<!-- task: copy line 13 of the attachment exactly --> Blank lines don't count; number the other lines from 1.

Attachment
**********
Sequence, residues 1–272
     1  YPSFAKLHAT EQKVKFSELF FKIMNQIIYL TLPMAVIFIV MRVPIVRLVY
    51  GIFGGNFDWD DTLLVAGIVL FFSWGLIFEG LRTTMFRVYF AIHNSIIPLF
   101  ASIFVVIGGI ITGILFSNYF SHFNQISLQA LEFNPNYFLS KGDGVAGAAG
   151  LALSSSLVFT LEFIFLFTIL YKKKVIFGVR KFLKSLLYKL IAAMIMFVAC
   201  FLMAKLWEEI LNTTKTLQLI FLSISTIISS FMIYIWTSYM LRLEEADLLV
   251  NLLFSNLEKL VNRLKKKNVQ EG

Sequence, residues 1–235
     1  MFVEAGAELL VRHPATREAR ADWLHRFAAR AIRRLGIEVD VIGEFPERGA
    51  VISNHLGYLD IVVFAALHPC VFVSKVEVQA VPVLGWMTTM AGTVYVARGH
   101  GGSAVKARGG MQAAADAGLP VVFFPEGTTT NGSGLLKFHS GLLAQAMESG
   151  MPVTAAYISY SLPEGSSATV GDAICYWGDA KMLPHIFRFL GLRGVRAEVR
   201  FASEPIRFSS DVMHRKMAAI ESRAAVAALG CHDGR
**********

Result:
   201  FASEPIRFSS DVMHRKMAAI ESRAAVAALG CHDGR